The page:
Proteas fast bowler Anrich Nortje hails from Uitenhage, the centre of automotive industria in the Eastern Cape and if there were two characteristics to his superb bowling on the second day of the second Test against Pakistan in Rawalpindi on Friday, they were that he certainly had wheels and how industrious he was in delivering 24-and-a-half overs and taking five for 56.
Nortje cranked up the pace on Friday, but his aggression was wonderfully controlled as he spearheaded a fine day in the field for South Africa as they took Pakistan’s last seven wickets for just 127 runs to bowl them out for 272.
It was a great shame that South Africa’s top-order batsmen couldn’t show the same controlled aggression as they slumped to 106 for four at stumps.
After close of play though, Nortje bore the satisfied demeanour of a man who knew he had put in a proper shift of work, and was confident his batting colleagues could do the same on the third day on Saturday.
“I think we restricted them to a good total and it is definitely manageable for us to exceed that, hopefully we can have a good, long bat tomorrow and the guys can build some partnerships. The major thing when bowling was to have controlled aggression and the right lines and lengths. It was really good bowling by all the bowlers, the energy we bring and lines and lengths are things we can control,” Nortje said.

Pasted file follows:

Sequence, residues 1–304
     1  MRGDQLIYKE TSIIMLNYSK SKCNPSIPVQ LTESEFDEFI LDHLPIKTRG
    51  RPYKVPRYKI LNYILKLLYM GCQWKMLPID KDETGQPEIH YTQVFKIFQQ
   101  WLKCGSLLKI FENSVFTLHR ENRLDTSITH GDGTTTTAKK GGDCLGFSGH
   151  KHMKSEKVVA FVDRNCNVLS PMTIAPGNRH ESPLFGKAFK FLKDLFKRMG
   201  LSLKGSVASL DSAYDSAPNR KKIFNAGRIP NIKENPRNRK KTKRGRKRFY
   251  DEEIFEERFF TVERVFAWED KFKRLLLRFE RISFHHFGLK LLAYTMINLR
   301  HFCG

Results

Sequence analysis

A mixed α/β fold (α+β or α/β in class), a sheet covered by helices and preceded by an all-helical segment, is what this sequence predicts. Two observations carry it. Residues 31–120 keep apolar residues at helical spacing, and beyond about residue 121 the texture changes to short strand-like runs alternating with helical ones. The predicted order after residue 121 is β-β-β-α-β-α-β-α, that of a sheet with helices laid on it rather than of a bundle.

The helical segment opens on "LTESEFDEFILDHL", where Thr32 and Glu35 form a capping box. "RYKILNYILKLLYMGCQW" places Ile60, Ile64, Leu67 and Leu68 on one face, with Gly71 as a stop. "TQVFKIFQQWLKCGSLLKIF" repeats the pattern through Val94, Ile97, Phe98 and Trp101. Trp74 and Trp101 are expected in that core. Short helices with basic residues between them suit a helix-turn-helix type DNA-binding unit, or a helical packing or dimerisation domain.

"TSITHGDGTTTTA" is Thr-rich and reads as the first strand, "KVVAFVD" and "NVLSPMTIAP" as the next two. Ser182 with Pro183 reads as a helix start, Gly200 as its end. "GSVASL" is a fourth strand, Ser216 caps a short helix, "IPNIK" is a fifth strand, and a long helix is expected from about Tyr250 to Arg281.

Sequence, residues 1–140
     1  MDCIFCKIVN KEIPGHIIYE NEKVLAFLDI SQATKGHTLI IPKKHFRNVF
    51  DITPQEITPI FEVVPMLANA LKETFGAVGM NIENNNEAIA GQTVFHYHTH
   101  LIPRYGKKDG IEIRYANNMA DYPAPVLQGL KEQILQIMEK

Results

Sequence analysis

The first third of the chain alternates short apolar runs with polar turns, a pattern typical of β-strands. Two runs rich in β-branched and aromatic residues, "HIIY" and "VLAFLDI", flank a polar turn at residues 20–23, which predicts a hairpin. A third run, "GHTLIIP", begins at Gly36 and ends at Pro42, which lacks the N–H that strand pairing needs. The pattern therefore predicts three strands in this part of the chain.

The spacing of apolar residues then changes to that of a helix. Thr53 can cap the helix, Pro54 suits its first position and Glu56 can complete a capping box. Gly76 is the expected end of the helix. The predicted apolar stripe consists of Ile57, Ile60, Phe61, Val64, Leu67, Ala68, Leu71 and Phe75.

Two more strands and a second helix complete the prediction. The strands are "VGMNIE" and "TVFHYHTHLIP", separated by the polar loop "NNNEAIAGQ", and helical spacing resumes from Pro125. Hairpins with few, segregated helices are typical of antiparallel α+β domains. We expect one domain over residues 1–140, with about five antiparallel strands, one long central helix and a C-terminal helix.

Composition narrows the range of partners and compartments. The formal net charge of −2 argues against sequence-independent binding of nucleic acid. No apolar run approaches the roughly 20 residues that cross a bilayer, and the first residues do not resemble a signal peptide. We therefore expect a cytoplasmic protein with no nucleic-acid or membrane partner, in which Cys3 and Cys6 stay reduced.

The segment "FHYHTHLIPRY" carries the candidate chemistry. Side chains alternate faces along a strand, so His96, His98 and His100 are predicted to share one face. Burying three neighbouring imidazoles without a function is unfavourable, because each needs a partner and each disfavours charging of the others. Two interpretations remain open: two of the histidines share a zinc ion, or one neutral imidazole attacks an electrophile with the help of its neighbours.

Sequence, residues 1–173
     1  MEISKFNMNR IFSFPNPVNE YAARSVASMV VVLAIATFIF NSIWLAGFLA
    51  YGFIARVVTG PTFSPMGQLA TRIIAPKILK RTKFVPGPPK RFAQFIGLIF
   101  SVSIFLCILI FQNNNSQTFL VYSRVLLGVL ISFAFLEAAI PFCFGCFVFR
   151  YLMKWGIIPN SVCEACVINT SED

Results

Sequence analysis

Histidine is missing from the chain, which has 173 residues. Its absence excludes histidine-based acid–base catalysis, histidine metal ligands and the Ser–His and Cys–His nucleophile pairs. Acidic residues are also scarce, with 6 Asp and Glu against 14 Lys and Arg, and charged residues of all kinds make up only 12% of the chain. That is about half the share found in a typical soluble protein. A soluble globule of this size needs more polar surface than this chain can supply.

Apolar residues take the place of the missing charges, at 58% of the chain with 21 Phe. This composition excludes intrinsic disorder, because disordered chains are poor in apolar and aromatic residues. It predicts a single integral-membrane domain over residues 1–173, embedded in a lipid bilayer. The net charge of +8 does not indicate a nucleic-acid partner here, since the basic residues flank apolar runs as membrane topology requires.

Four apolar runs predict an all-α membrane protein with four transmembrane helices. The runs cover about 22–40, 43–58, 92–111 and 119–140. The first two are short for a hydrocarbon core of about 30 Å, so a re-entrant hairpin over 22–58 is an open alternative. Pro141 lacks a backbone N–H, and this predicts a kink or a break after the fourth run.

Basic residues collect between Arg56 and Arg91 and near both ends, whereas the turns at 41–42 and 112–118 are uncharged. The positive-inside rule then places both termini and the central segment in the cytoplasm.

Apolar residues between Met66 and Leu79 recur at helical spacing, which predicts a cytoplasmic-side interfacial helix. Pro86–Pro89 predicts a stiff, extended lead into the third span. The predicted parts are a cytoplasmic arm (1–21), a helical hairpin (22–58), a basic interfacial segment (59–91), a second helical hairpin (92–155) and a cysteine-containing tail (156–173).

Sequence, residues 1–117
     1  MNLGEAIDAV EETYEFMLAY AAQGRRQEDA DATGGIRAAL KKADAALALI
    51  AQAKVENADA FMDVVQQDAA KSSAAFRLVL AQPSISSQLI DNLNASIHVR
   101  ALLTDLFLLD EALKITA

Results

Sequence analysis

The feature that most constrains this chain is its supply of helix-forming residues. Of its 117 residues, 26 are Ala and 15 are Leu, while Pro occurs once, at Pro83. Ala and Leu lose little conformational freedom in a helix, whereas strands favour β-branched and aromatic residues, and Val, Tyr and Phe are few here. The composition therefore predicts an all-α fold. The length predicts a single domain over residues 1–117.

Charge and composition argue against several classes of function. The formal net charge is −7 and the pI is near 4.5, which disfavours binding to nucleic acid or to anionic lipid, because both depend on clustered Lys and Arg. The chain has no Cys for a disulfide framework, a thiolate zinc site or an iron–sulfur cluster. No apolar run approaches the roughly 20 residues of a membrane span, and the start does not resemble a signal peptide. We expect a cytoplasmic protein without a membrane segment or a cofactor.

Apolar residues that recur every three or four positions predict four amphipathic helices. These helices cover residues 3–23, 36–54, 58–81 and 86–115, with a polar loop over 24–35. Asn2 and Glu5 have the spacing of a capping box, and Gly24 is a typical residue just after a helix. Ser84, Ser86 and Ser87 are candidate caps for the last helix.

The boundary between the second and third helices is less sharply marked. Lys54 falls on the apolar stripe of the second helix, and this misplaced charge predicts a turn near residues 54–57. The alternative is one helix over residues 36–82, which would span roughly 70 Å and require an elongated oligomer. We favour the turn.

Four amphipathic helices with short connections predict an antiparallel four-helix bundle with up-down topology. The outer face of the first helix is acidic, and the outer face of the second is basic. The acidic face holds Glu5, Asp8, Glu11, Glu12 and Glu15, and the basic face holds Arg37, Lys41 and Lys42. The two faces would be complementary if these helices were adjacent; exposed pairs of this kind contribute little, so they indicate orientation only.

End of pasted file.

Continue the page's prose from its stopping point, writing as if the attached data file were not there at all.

“Coach Mark Boucher said to the fast bowlers that he wants us to create something in our spells, he wants us to bring something energy-wise and that’s exactly what happened.
“We didn’t bowl long spells, but we just tried to hit the wicket and dig it in as much as possible. I just tried to bring as much energy as I could when I came on. And the work I’ve done on my lines and control has definitely helped.”
Most fast bowlers dread coming to the subcontinent with its slow, flat and low-bouncing pitches, but Nortje said he was able to make the most of whatever assistance he could find as he notched his third five-wicket haul, and his first away from home, in his 10th Test.
“There was a bit more bounce out there than there was in the last Test, and trying to utilise whatever you get is important. Otherwise I was just trying to be as tight as possible and not give any width,” he said.
“When the ball was a bit harder I saw the opportunity to get the ball through a bit more, there was more bounce with the harder ball. There’s not a lot in it for the seamers so it’s important to utilise what is in your favour.
“One or two balls stayed low as well so maybe inconsistent bounce will come more into play, so the pace bowlers are not completely out of it, you just have to employ different methods than at home.
“I played my first Test in India and, looking back, I’m quite happy about that because conditions were not easy and I learnt a lot. It means a lot to me to get a performance like this in the subcontinent,” Nortje said.